When you get to the bind off on the last diamond, ss into the corner to join it to the bottom corner of the very first diamond you made and then fasten off.
You have now completed the second round. You will continue adding round after round in the same manner until the afghan is the size you desire. For a pram cover I work the foundation of diamonds then 10 more rounds of diamonds. You have the flexibility to chose how many though you will see the afghan grow.
At the very end you may chose to do a sc around the edge to control some minor curling you will get from the Tunisian stitch. After laundering the curling eases up a bit but will always be there if you don't sc. I prefer to hold the wrong side to me and sc around, I find this controls the curl the best instead of holding the afghan right side to me and sc around.
This is not a stash buster per say. As the afghan grows you will require larger and larger amounts of yarn for each round. If you have 1-2 skeins of a color you can work a round in it, but, I really prefer to have all the yarn I would like to begin with, you don't want to be working on the 20th round of diamonds, get 1/2 way around and then run out of yarn if you intent was to make that whole round in one color. You will literally be ripping out thousands of stitches at that point.
I don't use cotton or wool, I find this is best for acrylic yarns. The fabric created is very dense! A twin sized afghan is warmer then most down blankets I own If you're taking a trip to the Arctic circle, wool may be for you, however, you will find even on the coldest winter day it would be too much. As for 100% cotton, well being so dense the laundering of an afghan in cotton would be impossible in a regular machine, it's far to heavy and when wet actually broke one of my machine belts (learned from trial and error), also the texture created I don't find lends itself well to cotton over the long run. It works alright on a pram cover and possibly crib sized afghan but on a larger afghan the cotton starts to untwist with wear and tear.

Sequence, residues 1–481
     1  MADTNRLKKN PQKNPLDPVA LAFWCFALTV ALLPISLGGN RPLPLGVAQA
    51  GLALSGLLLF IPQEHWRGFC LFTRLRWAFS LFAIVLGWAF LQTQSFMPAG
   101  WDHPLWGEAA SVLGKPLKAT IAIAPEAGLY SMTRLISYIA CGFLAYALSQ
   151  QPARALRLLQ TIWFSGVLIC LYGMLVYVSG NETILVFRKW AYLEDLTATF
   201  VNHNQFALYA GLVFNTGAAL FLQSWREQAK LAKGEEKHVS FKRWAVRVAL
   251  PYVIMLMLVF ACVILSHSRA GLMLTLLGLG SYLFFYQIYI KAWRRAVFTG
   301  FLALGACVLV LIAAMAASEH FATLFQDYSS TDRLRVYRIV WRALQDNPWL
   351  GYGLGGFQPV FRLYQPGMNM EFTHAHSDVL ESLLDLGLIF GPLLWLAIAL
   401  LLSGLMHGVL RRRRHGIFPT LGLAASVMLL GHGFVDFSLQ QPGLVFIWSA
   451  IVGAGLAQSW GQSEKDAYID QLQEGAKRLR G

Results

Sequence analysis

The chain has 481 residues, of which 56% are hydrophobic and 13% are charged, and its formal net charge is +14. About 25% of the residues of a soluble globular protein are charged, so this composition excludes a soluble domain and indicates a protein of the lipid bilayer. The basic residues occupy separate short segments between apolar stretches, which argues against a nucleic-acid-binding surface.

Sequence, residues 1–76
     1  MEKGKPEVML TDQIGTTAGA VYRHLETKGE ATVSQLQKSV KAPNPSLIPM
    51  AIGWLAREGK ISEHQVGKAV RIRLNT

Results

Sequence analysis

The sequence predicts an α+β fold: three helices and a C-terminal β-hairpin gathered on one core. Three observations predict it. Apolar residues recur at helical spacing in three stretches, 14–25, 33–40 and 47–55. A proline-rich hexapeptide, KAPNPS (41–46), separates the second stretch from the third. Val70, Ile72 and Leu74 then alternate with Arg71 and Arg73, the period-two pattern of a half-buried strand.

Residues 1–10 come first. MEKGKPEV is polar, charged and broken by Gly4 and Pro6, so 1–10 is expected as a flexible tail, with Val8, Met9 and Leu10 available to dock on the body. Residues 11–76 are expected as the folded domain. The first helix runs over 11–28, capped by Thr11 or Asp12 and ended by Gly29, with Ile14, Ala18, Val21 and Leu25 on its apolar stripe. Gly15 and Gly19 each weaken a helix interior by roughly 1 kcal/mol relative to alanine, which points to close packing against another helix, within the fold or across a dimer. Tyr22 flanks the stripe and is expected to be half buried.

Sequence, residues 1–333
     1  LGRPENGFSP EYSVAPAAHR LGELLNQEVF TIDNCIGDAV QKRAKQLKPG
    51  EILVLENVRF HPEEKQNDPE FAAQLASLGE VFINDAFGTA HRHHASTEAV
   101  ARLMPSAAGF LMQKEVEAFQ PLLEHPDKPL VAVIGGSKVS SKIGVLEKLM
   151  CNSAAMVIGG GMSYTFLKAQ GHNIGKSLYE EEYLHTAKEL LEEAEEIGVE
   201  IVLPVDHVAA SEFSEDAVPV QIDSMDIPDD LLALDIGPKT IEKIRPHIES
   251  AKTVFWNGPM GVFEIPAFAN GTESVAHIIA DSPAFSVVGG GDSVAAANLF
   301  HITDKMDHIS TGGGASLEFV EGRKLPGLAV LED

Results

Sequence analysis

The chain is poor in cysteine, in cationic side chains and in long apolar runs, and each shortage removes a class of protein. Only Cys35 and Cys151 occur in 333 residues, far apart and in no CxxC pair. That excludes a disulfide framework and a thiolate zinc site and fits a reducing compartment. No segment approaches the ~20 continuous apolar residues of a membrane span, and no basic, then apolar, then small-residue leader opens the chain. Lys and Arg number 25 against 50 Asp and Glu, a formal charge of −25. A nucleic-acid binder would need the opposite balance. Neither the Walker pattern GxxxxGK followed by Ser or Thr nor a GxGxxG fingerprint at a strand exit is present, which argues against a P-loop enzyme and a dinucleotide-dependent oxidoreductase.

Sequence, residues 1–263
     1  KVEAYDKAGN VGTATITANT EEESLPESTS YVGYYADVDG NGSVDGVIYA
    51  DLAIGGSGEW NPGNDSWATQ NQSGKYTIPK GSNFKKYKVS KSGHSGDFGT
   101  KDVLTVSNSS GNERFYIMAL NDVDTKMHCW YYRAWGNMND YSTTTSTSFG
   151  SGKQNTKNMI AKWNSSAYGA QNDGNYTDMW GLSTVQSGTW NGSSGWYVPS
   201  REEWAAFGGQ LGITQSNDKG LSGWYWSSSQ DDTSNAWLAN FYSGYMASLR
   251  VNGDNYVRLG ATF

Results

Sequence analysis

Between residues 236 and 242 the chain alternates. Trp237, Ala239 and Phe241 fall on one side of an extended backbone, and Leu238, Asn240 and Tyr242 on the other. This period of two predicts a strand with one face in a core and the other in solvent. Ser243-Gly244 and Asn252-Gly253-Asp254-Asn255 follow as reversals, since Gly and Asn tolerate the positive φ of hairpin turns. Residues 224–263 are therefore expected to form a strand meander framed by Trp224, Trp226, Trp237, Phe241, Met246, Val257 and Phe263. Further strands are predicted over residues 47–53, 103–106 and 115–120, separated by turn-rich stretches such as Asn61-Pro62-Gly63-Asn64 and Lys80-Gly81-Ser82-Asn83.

These take awhile to make even for fast crocheters. This was the first thing I ever learned to crochet so in the beginning a twin sized afghan took me about 1100 hrs to complete. I then went on and made many more before going insane because I knew no other stitch or how to read a pattern. Now, years later, crocheting much faster, a twin takes me about 400-500 hrs to complete. That would be about 2 months, working at this for 8 hrs a day. It's well worth the effort, but, don't get dismayed. In the beginning it will go fast as the first few rounds don't have many diamonds, as you go along and you have say 150 diamonds to complete in one round, it takes longer to do then the second round where you had 6 diamonds. It will finish eventually and the nice thing about the unique edge created is that you can really stop where ever you like and keep the full effect.
Any questions leave a comment or email me and I'll help the best I can.
I have been thinking of making another myself. If anyone wants to be part of a CAL (crochet a long) please leave a comment, if there's enough interest I'll start one.
Labels: Entralac Afghan